Friday, December 28, 2012

Smoked BBQ Ribs

Smoked BBQ Ribs

My first attempts at smoked ribs were rather disastrous. They were either 1) too dry, or 2) too smoky. Luckily I never gave up, as now they are one of my favorites.

Keys to success:

  1. Ability to maintain a low steady temperature on your smoker. I smoke ribs at 250 degrees. Temps above 275 degrees will almost certainly dry out your ribs.
  2. Take it easy with the flavored wood chip/chunks. This is a thin piece of meat and it is easy to overdo it.
  3. Preparation. Proper trimming of the ribs is the key to cooking them evenly.
  4. Wrap. While I'd consider wrapping of a larger piece of meat like a brisket or butt to be optional, with ribs it is essential to keeping them moist.

Baby backs vs. Spare ribs

Baby back ribs are cut from the top of the rib cage between the spine and the spare ribs, below the loin muscle. They are smaller than spare ribs and are meatier and firmer in texture.

Spare ribs are cut from the belly side of the rib cage, below the section of back ribs and above the sternum (breast bone). Spare ribs are flatter and contain more bone than meat.

For smoking, I definitely prefer spare ribs. The extra fat and bone helps keep the ribs more tender, and able to stand up to the longer cooking times in the smoker. 

Preparing the ribs:

We are basically creating what's called the St. Louis cut of ribs. You can buy them already cut this way to save time, but then you'd be depriving yourself and your guests of rib tips, which I'll explain below. 

Above is a basic illustration of the St. Louis cut. The object is to make the ribs as uniform in size as possible. To guide your top cut, look for the longest of the rib bones, and make your cut directly above the top of this bone. 

The second step is removing the membrane. Slide a butter knife under the membrane at one end of the ribs to loosen it. Then grasp the membrane with a paper towel and pull across the ribs to remove it. If you're luckily you'll get almost all of it at once.

Spice Rub:

Once your ribs are prepped, it's time to add the spice rub. If you're preparing your own rub, go lighter on the salt than you would for a larger piece of meat like a brisket. I also like a lot of hot chili in my rib rub, it goes well with the sweet glaze we'll add during the wrapping stage.

Adding a layer of yellow mustard can help your spice rub stick to the meat. Once your ribs are prepped and rubbed, they can be wrapped in plastic wrap and placed in the refrigerator to marinate.

Smoking the ribs:

Remove your ribs from the refrigerator to allow them to come to room temperature before smoking. During this time you can prep your fire.

Please don't use briquettes for smoking, unless you have access to "competition" briquettes. Regular charcoal briquettes can contain additives such as coal and other chemicals and you don't want that flavor in your ribs. I only use 100% hardwood lump charcoal. Lump charcoal burns hotter than briquettes and is often less expensive.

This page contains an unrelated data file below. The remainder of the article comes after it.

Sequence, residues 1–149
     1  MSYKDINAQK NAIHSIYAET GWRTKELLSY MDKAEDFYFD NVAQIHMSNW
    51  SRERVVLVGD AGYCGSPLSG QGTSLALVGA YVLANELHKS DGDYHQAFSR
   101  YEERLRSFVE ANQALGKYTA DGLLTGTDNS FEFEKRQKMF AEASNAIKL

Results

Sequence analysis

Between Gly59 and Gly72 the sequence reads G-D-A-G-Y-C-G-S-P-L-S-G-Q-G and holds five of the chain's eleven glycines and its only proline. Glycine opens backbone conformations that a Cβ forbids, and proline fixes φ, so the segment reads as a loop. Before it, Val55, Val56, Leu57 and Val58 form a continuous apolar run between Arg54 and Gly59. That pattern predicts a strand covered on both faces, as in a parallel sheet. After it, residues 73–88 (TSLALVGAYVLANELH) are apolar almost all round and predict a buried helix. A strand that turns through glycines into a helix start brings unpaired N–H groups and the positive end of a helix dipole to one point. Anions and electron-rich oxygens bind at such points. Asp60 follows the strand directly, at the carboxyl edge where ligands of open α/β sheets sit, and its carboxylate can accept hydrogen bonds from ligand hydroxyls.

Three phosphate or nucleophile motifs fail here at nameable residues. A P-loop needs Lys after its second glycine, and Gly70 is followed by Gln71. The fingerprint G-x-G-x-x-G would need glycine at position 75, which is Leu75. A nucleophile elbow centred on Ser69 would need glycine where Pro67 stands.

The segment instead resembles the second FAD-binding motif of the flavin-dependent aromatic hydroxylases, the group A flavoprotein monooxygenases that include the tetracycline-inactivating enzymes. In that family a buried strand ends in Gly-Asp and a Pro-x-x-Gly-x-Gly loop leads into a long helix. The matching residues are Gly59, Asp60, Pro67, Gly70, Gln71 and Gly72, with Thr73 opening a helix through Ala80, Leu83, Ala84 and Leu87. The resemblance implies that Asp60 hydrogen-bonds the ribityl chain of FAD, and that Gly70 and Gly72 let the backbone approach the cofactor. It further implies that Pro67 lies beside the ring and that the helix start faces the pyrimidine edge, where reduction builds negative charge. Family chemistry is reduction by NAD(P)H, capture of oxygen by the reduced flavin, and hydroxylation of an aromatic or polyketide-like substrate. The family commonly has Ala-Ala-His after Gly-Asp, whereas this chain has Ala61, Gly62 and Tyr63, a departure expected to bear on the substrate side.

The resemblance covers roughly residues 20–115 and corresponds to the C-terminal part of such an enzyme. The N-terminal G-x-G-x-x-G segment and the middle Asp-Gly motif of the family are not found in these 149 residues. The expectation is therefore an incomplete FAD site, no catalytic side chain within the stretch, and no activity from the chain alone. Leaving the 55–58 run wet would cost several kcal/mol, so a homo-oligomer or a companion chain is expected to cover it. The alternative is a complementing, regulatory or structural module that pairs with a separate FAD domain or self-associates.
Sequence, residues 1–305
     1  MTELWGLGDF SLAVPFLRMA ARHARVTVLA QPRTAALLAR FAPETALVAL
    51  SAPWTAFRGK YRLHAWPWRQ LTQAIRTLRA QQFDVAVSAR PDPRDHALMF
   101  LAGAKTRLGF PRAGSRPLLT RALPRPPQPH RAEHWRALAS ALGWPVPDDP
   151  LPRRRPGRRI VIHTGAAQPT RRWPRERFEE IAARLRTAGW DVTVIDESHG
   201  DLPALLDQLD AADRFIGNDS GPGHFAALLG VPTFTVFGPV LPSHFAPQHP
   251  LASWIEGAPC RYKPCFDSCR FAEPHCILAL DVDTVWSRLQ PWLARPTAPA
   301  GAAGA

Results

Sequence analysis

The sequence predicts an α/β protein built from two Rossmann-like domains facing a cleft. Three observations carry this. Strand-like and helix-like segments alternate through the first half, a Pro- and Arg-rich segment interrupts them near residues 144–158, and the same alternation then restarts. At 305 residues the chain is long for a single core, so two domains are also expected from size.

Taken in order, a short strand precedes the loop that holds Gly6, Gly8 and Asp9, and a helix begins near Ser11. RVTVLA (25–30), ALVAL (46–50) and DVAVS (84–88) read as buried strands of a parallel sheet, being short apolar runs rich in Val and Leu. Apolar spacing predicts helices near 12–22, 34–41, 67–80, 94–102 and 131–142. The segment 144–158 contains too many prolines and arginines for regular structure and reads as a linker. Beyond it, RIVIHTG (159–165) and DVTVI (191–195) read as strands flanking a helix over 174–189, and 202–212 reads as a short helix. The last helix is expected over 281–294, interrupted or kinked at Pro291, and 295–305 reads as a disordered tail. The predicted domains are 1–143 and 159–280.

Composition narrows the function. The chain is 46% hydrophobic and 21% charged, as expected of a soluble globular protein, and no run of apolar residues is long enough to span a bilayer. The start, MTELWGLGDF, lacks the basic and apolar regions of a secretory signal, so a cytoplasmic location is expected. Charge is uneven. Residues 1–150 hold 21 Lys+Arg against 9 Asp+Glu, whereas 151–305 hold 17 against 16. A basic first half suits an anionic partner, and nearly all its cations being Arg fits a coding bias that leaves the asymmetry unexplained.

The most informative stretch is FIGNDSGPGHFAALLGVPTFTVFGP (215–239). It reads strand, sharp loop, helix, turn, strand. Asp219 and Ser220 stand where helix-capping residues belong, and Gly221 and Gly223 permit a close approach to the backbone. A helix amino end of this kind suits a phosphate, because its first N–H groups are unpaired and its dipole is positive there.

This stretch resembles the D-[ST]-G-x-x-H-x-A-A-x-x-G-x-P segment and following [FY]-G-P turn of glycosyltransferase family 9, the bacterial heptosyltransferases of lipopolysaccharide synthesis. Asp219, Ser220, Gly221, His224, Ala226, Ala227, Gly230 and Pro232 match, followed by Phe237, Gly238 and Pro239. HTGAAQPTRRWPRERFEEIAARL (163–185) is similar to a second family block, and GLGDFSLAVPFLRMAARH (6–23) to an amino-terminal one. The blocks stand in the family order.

For additional smoke flavoring, I also add chunks of hickory and apple. Pecan is another popular choice for ribs, and other fruit woods such as cherry. If you're going to use smoking chips instead of chunks, soak them in water for at least a 1/2 hour before using them.

Cooking the ribs will be done in three stages:

  1. Initial smoke. Add the ribs to the smoker, add your wood chunks/chips to the fire, and smoke at 225-250 degrees. For spare ribs, about 3 hours; baby backs about 2 hours. The clue that you're at the end of this stage is to watch for the rib meat to start to pull away from the end of the bones.
  2. Wrap the ribs. Place a large sheet of heavy duty on a flat surface and prepare the glaze. Using squeeze Parkay margarine, apply a generous coating to the foil. (if you use butter it will burn) Sprinkle some brown sugar on top of the margarine, and then add a tablespoon or two of honey. Finish the first layer of glaze with some BBQ sauce. Lay your ribs on top of the glaze, and then repeat the glaze on the top of the ribs. Close the foil, and return to the smoker. For spare ribs, stage two will take 2 hours. For baby backs, 1 hour.
  3. The last stage is to unwrap the ribs and return to the smoker to firm up. Your ribs are already fully cooked at this point, so this is just to your taste. You can also add more BBQ sauce to the ribs at this point, if they seem a little dry.
Allow the ribs to rest for 15 minutes before cutting and serving.

Rib Tips

One of the reasons I resisted the idea of trimming ribs to the St. Louis cut was the waste created by all the trimming. That is, until I discovered rib tips.

Rib tips will be subject to much of the same treatment as your ribs:

  1. The initial smoke. Add your spice rubbed rib tips to the smoker for 2 hours. 
  2. Wrap. Using the same treatment as for your ribs above, wrap and cook for 1-2 hours.
  3. To finish your rib tips, remove from the foil and cut into chunks. Add the tips to a disposable foil tray and toss with your favorite BBQ sauce. Add the tray to the smoker with your ribs for the final stage. The tips are already fully cooked at this point, you just want to firm them up and get a little carmelization on the sauce. 

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